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dan45mcc

ACE: Big Oil is forcing lower quality gasoline on the market

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My understanding is that ethanol will tend to raise octane effect more in the lower octane gas gasoline and less so in high octane- something like more than 2.5 AKI in 84 base and more like 2 AKI in 91 octane base.

 

One thing I really dislike is that the RBOB 84 plus 10% ethanol.always seemed to be the source of true mpg complaints as compared to 87 conventional base with 10% ethanol. I've read that it is common for this base RBOB alone that was used in non-attainment areas such as Chicago, Milwaukee, etc was responsible for up to 3-4% drop in fuel economy as compared to the typical 1 1/2% of E10 in conventional (many vehicles actually can gain on conventional E10 fuel rather than lose). If true- this would mean such RBOB base with 10% could be up to 5 1/2% loss in mpg. That would correlate to what literally hundreds of residents of that area would tell me about that fuel versus conventional E10 when they came up to central WI where they would load up their tanks before returning home. Is it true- who knows? A couple of possible causes are 1) a difference in energy content of blendstock components of RBOB and 2) ethanol is a great research octane enhancer but less so on motor octane- the blend of the two numbers lends a nice increase in AKI (R+M/2) but if the base gas gets too low on motor octane the ethanol will not bring it up enough- this would show up at high load, high heat, low RPM conditions causing the ECU to pull timing.

 

Is it the same for the gasoline that is blended for our E85 too?  That would explain why I have seen considerably better mileage coming home from Road America on E85 in the 200 as well as pump regular in my Jeep, especially since I tended to be more aggressive on the drives home in both vehicles.

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I heard they were switching the gas in the pipelines coming into Iowa effective September 15th, and the story went that we were going to be seeing a price jump at the pumps due to this.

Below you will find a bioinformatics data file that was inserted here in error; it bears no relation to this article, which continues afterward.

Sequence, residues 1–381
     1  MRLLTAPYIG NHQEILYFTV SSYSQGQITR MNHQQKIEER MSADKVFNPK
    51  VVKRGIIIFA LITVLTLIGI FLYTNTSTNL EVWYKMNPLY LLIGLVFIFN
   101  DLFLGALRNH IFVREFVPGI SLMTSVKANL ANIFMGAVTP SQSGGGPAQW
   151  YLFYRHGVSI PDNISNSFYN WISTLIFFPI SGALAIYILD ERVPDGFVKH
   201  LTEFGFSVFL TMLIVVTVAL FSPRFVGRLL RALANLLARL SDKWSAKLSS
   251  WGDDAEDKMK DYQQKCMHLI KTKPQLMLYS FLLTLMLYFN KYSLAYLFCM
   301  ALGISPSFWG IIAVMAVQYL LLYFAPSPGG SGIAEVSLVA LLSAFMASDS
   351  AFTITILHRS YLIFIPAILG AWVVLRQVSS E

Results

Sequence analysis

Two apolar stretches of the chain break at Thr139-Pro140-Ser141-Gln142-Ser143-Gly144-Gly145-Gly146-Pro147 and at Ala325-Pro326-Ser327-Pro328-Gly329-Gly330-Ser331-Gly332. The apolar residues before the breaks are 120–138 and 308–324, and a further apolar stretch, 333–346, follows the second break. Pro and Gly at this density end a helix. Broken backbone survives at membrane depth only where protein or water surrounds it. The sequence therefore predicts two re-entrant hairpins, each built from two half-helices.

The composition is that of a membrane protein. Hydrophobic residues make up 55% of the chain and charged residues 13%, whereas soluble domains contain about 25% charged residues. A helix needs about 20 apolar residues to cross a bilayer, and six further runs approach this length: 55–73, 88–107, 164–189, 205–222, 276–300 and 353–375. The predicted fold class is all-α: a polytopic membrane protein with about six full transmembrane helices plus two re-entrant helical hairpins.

I haven't really seen anything yet here in Des Moines, and I haven't seen any 87 Octane regular pumps being replaced with 85 Octact + Ethanol to bring it up to the 87 minimum I think Iowa requires.

 

Do stations like QuickTrip etc truck all their gas in so the pipeline changes have no effect?

 

 

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::)

 

They're foisting a lower grade of gas that is supposedly cheaper to make and increases the amount of that fuel produced on the state, then charging more for it?  If I still ljved there, I would be PISSED!

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I haven't looked into the specific regulations for fueling stations. So I am interested to hear that. I'm always curious what Blend stock they use. Especially for E85. ;D

 

::)

 

They're foisting a lower grade of gas that is supposedly cheaper to make and increases the amount of that fuel produced on the state, then charging more for it?  If I still ljved there, I would be PISSED!

 

Supply is pretty tight. It's possible the price jump is only during the transition period.